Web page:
Their latest work, The C Album (Consolidated Fruvous), is only being sold at shows and over their Web site. "We just hope people will dig it as a project," Ghomeshi says. "Although there are some things you can expect from us, the vocals tend to be a cornerstone. The four-part harmony does tend to rear its head, no matter what sort of instrumentation is backing it up. And there's biting satire and gentle irony in all we do. Nothing is ever delivered too seriously."

Goals for the band's latest Bottom Line/BMG Records album, Thornhill, included trying for a more cohesive record. "In as much as we are an eclectic group, maybe we let our eclecticism appear from record to record as opposed to within a record," Ghomeshi says. "I think that's something {producer} Don Dixon brought to the record and the band: a sonic semblance, a musical cohesion on this record that really flows song to song."

Thornhill is a reference to the Toronto suburb in which the members of the band grew up. "This is really a loosely based concept album about growing up in the suburbs and discovering your friend's stereo downstairs, and learning about the Who and the Rolling Stones and Crosby, Stills, Nash and Young, which is basically what happened to us," Ghomeshi says. "All the songs don't sound the same, or the lyrics aren't the same theme, but the album really fits together musically. I really, really like albums that do that, where it sounds like a moment in time.''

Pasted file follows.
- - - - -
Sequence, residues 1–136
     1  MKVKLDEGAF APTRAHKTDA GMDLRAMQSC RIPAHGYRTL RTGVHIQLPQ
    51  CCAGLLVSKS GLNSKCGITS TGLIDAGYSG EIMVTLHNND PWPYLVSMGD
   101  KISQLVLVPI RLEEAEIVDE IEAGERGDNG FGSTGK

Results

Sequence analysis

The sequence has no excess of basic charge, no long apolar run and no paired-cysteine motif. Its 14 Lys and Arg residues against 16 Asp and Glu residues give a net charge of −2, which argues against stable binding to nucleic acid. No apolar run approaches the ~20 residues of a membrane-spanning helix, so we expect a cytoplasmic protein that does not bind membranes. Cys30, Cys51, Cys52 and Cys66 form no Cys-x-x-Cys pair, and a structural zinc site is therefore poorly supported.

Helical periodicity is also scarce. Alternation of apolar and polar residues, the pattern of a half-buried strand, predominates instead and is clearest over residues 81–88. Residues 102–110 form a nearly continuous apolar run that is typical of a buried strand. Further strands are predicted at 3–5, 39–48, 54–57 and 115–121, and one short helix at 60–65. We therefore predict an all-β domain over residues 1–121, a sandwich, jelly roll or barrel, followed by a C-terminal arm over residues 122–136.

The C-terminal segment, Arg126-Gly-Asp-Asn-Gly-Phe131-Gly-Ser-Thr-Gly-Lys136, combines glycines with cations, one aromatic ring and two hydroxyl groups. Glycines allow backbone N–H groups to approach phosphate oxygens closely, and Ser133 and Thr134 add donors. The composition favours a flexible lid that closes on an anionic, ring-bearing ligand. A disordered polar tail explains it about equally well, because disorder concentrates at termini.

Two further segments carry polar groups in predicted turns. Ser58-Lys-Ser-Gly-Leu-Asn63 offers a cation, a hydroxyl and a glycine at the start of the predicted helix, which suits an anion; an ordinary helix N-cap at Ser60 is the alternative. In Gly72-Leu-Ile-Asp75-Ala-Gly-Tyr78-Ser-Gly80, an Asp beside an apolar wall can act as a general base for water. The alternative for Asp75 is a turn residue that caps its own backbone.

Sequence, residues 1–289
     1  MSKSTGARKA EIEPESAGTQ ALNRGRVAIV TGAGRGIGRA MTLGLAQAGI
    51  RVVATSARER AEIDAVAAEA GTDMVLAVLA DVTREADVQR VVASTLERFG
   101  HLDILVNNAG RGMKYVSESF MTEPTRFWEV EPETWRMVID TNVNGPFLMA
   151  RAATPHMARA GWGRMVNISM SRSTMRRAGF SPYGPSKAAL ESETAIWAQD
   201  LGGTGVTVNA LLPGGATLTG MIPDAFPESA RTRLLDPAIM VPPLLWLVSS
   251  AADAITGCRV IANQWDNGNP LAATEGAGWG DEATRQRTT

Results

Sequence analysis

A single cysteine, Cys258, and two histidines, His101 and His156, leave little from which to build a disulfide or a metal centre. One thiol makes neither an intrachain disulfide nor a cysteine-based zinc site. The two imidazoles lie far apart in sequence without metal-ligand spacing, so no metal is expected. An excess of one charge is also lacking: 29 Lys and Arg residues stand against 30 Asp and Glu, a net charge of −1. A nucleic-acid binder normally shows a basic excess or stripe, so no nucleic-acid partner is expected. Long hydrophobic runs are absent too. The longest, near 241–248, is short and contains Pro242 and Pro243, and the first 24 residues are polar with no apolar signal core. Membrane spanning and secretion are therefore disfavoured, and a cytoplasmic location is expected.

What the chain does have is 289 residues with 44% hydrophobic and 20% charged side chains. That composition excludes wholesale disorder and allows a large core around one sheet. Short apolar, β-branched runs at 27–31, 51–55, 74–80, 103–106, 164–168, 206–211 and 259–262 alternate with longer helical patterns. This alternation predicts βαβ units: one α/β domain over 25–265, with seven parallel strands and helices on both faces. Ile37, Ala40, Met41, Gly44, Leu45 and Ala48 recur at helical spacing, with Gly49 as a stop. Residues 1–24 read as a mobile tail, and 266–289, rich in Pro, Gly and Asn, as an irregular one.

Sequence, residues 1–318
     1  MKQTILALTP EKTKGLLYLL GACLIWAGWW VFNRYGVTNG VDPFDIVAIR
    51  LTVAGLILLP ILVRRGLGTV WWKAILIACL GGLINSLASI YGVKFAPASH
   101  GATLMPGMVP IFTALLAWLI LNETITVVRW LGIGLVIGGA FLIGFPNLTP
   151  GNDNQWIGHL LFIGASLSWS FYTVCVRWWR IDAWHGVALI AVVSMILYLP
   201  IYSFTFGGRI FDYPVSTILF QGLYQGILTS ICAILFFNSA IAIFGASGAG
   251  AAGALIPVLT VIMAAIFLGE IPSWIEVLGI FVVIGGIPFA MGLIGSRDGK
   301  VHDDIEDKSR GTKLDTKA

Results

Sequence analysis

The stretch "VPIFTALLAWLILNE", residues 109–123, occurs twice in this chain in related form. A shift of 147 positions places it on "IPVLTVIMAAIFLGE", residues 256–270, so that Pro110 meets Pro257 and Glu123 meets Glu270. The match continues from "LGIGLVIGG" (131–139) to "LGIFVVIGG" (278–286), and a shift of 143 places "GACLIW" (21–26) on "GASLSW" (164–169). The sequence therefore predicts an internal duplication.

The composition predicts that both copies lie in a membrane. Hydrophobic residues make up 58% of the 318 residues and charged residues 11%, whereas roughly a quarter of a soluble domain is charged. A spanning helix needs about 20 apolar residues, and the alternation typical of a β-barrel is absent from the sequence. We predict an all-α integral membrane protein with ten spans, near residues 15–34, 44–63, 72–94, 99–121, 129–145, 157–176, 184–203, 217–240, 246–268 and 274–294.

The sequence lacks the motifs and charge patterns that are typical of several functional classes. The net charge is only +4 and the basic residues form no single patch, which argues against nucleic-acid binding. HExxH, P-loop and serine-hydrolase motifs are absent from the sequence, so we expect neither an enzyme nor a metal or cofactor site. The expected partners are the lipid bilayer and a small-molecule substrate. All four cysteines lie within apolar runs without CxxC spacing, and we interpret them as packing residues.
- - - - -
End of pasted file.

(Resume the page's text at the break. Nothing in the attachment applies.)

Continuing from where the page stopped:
Above all, Ghomeshi says he is gratified that Moxy has found success through hard work and believing in themselves. "We won't deny that we would like lots of people to buy our CDs and come see us," Ghomeshi says. "That we've done what we've done on a grass-roots level, and have really big audiences in a lot of cities--in spite of no play on MTV, no commercial radio play, not even a lot of print media--is very gratifying to us. That says to me we are doing something right, actually moving people, playing and building a network of fans."

--Rex Rutkowski

Back to the News Page...